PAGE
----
December 16th, 2021
By Rehan Piracha
According to the Reporters Sans Frontier’s (RSF) annual list of journalists killed worldwide in 2021, two of the three journalists slain in Pakistan this year did not work for media outlets but had their own social media pages.
The RSF pointed out that the both killings signified a new development in the country. Non-traditional media practitioners covering sensitive stories as legacy media shies away because of threat of reprisals.
It named broadcast reporter Shahid Zehri, video blogger Muhammad Zada and amateur reporter Nazim Jokhiyo as the three journalists killed in Pakistan in 2021.
Speaking about Jokhiyo and Muhammad Zada, the RSF report said both were the victims of targeted murders that confirmed the dangers of their reporting and highlighted the degree to which the traditional media have ceased to cover such stories because of the threat of reprisals.
“It was one more sign of the curtailment of press freedom in Pakistan, where a total of 16 journalists have been killed in the past five years,” the RSF report said.
According to Freedom Network, RSF’s partner organisation in Pakistan, none of the many murders of journalists in Pakistan has been punished for nearly a decade.
Shahid Zehri, a reporter for local TV channel Metro One News, died of injuries sustained in a car bomb explosion in Hub town of Balochistan on October 10. The banned Balochistan Liberation Army claimed responsibility of the explosion.
Muhammad Zada, a video blogger and editor of a Facebook page called Citizen Journalist PK, was gunned down by two motorcyclists in his home in Sakhakot town of Malakand district on November 8. He had recently become famous by drawing attention to the activities of local criminal groups and the complicity they enjoy within the local government in the district.
“By filling the gap left by the traditional media, which doesn’t dare cover certain sensitive subjects because of various forms of pressure and self-censorship, Muhammad Zada was providing his fellow citizens with absolutely vital information of a public interest nature. This appalling crime cannot go unpunished,” said Daniel Bastard, the head of RSF’s Asia-Pacific desk.
Nazim Jokhiyo, an amateur video reporter based in the Malir locality in Karachi, was found murdered on November 3, a few hours after uploading a video in which he revealed that he was receiving threats. In his last video, Jokhiyo said the threats related to videos he posted about illegal hunting trips for Arab dignitaries from the Gulf. Local parliamentarians from the Pakistan Peoples Party have been nominated in his murder case.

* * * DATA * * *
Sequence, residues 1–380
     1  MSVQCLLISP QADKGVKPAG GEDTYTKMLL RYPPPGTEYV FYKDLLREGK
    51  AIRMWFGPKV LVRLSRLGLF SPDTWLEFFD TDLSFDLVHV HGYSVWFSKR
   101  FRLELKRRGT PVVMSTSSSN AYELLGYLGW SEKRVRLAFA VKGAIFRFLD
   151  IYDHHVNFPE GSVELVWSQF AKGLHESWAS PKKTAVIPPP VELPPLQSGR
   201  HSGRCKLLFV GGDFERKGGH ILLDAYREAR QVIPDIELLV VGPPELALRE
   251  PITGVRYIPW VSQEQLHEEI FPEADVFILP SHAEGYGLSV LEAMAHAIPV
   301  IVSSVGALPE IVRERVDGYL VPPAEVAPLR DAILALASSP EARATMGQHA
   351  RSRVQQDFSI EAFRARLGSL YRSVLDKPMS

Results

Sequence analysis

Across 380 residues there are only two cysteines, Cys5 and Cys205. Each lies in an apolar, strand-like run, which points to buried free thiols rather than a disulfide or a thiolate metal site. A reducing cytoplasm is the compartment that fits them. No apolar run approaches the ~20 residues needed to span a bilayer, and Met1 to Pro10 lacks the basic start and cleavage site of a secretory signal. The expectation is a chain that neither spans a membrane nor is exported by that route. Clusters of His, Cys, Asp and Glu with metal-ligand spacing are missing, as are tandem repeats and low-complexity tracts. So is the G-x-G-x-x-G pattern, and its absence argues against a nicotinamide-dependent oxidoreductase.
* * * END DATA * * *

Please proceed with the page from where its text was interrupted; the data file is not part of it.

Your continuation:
“The brutality with which Nazim Jokhiyo was eliminated is all the more shocking because his murder was premeditated by a parliamentarian who is well-known in the region,” said Daniel Bastard.
According to the RSF annual roundup, RSF logged a total of 46 journalists and media workers killed in connection with their work in 2021 (from 1 January to 1 December).
The RSF noted that the killings registered the lowest figure in nearly 20 years. The accelerating downward trend since 2016 is mostly due to developments in regional conflicts (in Syria, Iraq and Yemen) and the stabilization of war fronts, after the particularly deadly years of 2012 and 2016.
Nonetheless, an average of nearly one journalist a week is still being killed in connection with their work, the RSF said.
The number of female journalists killed rose from two last year to four in 2021, while the proportion, 9%, was at its highest since 2017. This was due in part to the fall in the overall number of fatalities and in part to the death of three Afghan women media workers. The fourth female victim was Rasha Abdallah Alharazy, a Yemeni TV reporter who was killed in a targeted car bomb attack in Aden, Yemen’s provisional capital, in November.
The RSP report said two-thirds of those killed were murdered. These four women were the victims of targeted killings, as were 26 other journalists.
This means that nearly two-thirds (65%) of the journalists killed in 2021 were deliberately eliminated. “While this proportion is less than in 2020, when a record 85% of the journalists killed were deliberately targeted, it is nonetheless slightly higher than the average for the past five years.”
For the first time in five years, the proportion of journalists killed in countries not at war fell slightly. Nonetheless, three of every five victims were killed in countries not officially at war, and even the region regarded as the safest in the world for journalists, the European Union, was affected, the RSF said.